Romero, Blew, Aciman, Hughes
By Susan Salter ReynoldsOctober 22, 2011
On the Origin of Tepees by Jonnie Hughes
Alibis by André Aciman
This Is Not the Ivy League by Mary Clearman Blew
The Maid's Daughter
The Maid's Daughter: Living Inside and Outside the American Dream
NYU Press, September 2011. 288 pp.
Just as Ann Crittenden brought us deep into the economic realities of child-rearing in The Price of Motherhood, Mary Romero's quiet, revolutionary book Maid in America forced readers to really look inside the lives of domestic workers in this country. In her new book, The Maid's Daughter, Romero is again the perfect scholar — respectful, curious, honest about her own orientation. She's a listener, allowing the women she talks with to guide the way in which their stories are revealed. In 1986, then a professor in Texas (she now teaches at Yale), Romero met Olivia Maria Gomez Salazar, a 23-year-old Chicana student who approached Romero after hearing her speak on a panel on domestic workers. Over the next several years, Olivia told Romero her story. Olivia's mother was a maid in Los Angeles. Olivia and her mother lived in the maid's quarters of the house, located in a gated community. Olivia's mother cleaned the house and cared for the family's four children. From the age of 3 to 18, Olivia heard the phrase "just like one of the family." By the end of The Maid's Daughter, a reader realizes just how hypocritical, divisive, and thoughtless this common phrase can be. Romero looks at Olivia's upbringing from many angles: the self-esteem issues, the guilt, the economic disparities, the hard labor, the question of who raises the maid's child when the maid is raising her employer's children, the sense of homelessness created by a lifetime in someone else's home. After decades, when Romero calls Olivia's mother so that she can finally meet her, she is struck by the fact that she is known only by her first name. She is also struck by the sadness and guilt Olivia's mother feels, in spite of the conviction that she did what she had to do to give her daughter a future. It's very moving work; thoughtful, sensitive, the best possible use of scholarship to open our eyes.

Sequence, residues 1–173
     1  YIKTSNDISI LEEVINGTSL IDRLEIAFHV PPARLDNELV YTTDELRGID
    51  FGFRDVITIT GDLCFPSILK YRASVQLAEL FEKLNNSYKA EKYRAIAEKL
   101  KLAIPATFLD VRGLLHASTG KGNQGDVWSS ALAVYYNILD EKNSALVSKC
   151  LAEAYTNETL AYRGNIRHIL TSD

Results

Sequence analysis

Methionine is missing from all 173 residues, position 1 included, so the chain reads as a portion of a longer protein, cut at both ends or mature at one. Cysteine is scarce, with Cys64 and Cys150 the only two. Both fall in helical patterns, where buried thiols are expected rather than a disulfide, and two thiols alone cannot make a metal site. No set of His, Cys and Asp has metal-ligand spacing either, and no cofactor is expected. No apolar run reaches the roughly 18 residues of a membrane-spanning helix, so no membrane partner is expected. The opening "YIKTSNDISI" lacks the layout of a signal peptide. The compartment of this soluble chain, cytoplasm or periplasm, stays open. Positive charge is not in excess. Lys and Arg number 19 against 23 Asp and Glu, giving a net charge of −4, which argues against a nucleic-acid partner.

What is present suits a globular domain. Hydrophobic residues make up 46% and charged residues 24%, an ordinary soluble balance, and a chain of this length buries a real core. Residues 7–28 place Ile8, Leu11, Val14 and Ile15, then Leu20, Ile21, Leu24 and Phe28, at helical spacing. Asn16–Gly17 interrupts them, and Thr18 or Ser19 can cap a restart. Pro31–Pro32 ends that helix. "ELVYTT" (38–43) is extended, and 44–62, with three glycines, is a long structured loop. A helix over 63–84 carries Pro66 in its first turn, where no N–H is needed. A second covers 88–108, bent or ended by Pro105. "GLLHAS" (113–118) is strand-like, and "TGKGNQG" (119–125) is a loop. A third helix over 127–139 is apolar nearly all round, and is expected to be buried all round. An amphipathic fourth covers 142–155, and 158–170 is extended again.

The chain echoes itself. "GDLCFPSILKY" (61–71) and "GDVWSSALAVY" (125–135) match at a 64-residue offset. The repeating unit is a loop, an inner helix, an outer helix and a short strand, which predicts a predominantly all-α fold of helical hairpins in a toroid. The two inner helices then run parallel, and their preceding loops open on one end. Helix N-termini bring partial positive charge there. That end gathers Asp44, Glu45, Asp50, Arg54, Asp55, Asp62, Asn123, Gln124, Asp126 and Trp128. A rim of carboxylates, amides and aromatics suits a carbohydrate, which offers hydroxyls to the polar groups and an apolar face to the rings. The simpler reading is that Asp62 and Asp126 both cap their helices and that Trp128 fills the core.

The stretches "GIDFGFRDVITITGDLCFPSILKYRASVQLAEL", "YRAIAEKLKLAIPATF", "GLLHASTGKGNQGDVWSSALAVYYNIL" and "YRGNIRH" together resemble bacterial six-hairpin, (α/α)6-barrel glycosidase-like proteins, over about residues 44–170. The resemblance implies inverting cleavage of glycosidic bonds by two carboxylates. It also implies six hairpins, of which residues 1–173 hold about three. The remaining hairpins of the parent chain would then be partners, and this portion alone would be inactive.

Mary Clearman Blew
This Is Not the Ivy League: A Memoir
University of Nebraska Press, September 2011. 224 pp.
In so many ways, this is a memoir of a life lived on the knife-edge of feminism: between the rocks and the hard places that women have experienced forever, but particularly in the second half of the 20th century in America. Some doors opened, were squeezed through, then slammed shut, trapping women like Blew in lives filled with unprecedented challenges. Blew, who grew up on a ranch in Montana and has written for years about her life in the West, was pregnant at 18, married, and able to continue her education, eventually earning her PhD with a dissertation on the comedies of Ben Jonson, with money from her grandmother. After a few years, with two small children, she remembers the anxiety, the first feelings of not being good enough, never getting enough done. In 1969 she was offered an assistant professor position at Northern Montana College, where she taught until 1987. Meanwhile, her family life exploded around her: one marriage lost; another, to a man she fell wholly in love with, was destroyed by his pulmonary fibrosis ; a son who stopped speaking to her for 25 years; a daughter beset by depression; money worries that seemed to never end. Where is there room for a scholar in this life? Where is the quiet time to think? Like Grace Paley and Susan Straight, Blew writes directly and indirectly about writing, about the working class, about children, about caring for grandchildren, and about trade-offs.